© Juliet Frew

After working on it for years, the process is now on the books.

Mike Pomranz
March 31, 2017

The craft spirits industry, like plenty of other craft food and beverage sectors, has seen a boom in the past decade. But many of these boozy upstarts are encountering a unique problem: Customers like whiskey that’s been aged for years and, if they can get it, decades. That’s a hard demand to meet when you’ve only been in business for six months. However, a California distillery not only thinks it’s found a way to circumvent Father Time, it’s recently been issued patents covering these procedures, and the man behind this method says he can recreate 20 years’ worth of aging in under a week.

We first discussed Lost Spirits Distillery and its founder Bryan Davis back in April 2015. At the time, Davis had already started using his scientifically-developed reactors that he boasted “offer an average six-day turnaround time from fresh white spirit to the shelf” for some of his own rums. The plan was to try out a larger test run, with the hope of one day maybe manufacturing as many as 50 of these reactors a year.

Well, two years later, Davis has taken another big step: The US Patent and Trademark Office has awarded his company two patents which “describe processes for maturing distilled spirits involving heat driven esterification and photocatalytic polymer degradation of oak barrel staves,” the company said in a statement. Essentially what that means is changing the chemistry of its spirits. Lost Spirits distills the technology down this way: “[Davis] has published data demonstrating that the new technology can nearly identically match the chemical signature of a 20-year-old rum, but do so in under a week's time.”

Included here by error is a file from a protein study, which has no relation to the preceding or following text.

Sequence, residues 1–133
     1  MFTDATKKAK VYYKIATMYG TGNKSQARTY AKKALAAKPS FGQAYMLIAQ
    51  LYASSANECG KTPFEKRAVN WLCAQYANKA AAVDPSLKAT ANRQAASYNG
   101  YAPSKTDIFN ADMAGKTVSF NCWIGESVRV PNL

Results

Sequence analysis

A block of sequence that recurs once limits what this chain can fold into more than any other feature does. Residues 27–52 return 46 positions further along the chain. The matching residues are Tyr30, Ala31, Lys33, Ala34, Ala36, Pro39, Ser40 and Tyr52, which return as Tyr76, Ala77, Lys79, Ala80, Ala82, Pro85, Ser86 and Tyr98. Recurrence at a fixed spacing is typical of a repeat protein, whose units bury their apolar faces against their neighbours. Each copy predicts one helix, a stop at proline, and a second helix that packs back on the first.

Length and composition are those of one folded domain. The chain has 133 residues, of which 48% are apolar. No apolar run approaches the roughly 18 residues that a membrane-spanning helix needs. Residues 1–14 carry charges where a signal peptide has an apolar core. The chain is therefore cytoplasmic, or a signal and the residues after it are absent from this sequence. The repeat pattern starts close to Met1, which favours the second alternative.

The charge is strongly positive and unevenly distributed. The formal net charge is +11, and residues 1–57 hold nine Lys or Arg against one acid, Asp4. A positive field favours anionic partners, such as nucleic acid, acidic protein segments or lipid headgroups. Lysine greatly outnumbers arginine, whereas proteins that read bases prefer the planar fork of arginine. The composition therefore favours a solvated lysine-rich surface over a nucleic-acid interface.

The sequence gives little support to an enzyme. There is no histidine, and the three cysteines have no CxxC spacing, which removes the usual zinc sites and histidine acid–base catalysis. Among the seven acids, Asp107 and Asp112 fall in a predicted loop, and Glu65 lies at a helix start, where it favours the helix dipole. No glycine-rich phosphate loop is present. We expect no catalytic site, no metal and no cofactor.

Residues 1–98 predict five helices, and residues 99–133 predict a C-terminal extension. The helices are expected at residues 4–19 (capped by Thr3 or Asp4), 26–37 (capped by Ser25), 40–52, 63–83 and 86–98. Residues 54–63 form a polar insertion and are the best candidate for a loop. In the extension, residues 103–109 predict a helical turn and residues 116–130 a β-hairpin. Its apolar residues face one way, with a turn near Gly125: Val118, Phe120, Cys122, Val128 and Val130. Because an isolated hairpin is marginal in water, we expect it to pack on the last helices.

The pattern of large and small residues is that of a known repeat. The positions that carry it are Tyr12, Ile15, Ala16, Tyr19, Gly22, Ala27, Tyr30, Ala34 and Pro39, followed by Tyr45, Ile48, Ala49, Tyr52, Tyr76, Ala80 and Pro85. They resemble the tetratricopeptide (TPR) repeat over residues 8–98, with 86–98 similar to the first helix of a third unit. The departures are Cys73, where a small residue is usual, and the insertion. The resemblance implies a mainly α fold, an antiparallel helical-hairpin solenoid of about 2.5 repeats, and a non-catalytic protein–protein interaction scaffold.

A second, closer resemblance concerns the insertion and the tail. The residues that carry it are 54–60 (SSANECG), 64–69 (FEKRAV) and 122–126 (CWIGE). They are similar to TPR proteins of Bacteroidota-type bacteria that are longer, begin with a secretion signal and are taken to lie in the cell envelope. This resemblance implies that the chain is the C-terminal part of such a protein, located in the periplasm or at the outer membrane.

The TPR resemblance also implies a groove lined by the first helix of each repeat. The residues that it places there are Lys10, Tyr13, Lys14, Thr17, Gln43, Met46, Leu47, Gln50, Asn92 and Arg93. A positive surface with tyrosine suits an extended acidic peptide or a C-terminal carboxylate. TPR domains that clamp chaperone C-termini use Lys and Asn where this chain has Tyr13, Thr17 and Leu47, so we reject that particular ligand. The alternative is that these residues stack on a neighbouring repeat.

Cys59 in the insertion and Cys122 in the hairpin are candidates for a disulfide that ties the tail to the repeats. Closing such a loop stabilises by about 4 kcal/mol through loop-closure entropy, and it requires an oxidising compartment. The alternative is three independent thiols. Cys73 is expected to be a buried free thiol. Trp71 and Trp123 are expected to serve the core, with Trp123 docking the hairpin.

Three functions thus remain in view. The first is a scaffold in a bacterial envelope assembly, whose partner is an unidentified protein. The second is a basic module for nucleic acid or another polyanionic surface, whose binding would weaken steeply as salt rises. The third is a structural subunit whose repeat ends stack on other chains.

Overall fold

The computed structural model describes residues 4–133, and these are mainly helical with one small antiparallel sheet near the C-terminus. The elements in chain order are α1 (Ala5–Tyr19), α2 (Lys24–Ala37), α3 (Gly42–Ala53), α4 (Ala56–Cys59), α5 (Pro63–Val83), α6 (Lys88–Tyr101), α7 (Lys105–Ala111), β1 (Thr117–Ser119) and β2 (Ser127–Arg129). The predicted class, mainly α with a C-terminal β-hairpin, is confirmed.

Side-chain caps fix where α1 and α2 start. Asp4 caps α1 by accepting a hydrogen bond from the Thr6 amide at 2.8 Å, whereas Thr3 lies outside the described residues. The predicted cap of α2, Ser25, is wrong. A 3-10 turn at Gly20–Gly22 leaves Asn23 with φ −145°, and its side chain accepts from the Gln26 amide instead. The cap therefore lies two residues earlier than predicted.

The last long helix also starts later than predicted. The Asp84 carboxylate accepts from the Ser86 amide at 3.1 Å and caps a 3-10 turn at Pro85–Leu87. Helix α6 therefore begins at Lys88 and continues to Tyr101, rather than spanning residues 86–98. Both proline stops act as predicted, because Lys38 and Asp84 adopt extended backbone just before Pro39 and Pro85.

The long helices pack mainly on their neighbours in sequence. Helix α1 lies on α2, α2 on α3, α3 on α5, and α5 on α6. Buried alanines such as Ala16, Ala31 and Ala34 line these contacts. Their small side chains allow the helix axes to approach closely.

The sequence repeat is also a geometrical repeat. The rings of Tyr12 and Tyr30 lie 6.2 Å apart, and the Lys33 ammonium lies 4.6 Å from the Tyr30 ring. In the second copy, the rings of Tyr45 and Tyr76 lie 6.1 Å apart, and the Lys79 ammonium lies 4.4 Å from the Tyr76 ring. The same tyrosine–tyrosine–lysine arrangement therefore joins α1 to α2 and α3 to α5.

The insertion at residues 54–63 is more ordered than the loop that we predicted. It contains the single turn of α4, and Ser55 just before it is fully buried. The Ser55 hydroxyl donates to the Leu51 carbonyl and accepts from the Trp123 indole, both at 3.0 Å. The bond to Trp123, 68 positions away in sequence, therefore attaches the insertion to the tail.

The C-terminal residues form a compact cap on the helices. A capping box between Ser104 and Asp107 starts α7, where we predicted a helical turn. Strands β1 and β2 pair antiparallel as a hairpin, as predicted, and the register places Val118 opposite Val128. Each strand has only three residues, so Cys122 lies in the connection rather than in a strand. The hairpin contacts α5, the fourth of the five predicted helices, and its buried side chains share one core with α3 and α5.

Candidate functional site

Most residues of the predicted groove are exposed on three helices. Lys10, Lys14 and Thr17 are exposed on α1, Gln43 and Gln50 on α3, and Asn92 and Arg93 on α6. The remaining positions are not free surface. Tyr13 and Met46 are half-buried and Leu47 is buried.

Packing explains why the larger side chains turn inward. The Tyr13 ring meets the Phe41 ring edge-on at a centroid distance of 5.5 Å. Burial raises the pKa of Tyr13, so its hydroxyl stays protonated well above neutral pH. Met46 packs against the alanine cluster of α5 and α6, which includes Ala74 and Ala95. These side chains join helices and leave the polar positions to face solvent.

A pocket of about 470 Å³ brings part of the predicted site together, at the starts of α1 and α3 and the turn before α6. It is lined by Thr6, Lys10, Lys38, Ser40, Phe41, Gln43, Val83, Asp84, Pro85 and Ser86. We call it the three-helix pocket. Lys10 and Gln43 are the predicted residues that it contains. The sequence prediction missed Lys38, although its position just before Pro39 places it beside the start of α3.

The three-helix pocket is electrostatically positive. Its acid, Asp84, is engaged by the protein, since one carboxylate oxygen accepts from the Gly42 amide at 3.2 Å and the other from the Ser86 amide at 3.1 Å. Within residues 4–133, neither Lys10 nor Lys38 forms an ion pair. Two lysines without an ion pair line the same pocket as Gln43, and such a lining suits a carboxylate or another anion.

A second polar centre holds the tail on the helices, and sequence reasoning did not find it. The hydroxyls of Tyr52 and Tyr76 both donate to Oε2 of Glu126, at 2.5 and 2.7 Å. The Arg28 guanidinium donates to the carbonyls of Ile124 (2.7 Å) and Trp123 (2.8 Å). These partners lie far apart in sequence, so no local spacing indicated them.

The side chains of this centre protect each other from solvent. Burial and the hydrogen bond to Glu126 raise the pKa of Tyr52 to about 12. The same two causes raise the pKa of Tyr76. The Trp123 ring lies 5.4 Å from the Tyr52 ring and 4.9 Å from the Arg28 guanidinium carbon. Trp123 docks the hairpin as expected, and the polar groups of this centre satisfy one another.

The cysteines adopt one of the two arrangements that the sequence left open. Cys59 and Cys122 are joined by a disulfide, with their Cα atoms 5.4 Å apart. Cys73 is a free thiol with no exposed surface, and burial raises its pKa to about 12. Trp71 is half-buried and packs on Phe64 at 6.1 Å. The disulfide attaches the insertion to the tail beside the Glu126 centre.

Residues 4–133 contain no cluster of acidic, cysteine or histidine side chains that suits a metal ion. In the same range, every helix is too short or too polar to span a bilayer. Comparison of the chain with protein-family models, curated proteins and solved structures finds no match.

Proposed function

© Juliet Frew

Though originally Davis sounded as if he wanted to spread his technology to other distilleries, now it sounds as if Lost Spirits may be focusing on using the patented process itself. The distillery says it plans to “commercialize, protect and further develop its revolutionary technology,” which “includes designing and marketing unique matured spirits that are impossible to produce via conventional spirits-making techniques -- in effect creating a new spirits growth platform.”

In fact, Lost Spirits has already been doing exactly that. The distillery recently released an entire line of “Heavily Peated Malt” under the name “Abomination.” Though they can’t officially be labeled whiskies because they haven’t been aged at least three years, these spirits are essentially far-out takes on that classic tipple – “combining Islay spirit with charred and toasted oak staves seasoned with California late harvest Riesling.”

Though the 20-years-in-six-days sales pitch is certainly head-turning, products like Abomination may actually prove to be more interesting: Instead of simply using this technology as an aging workaround, Davis also seems to believe he can use it to push the boundaries of spirit making. That could be truly revolutionary.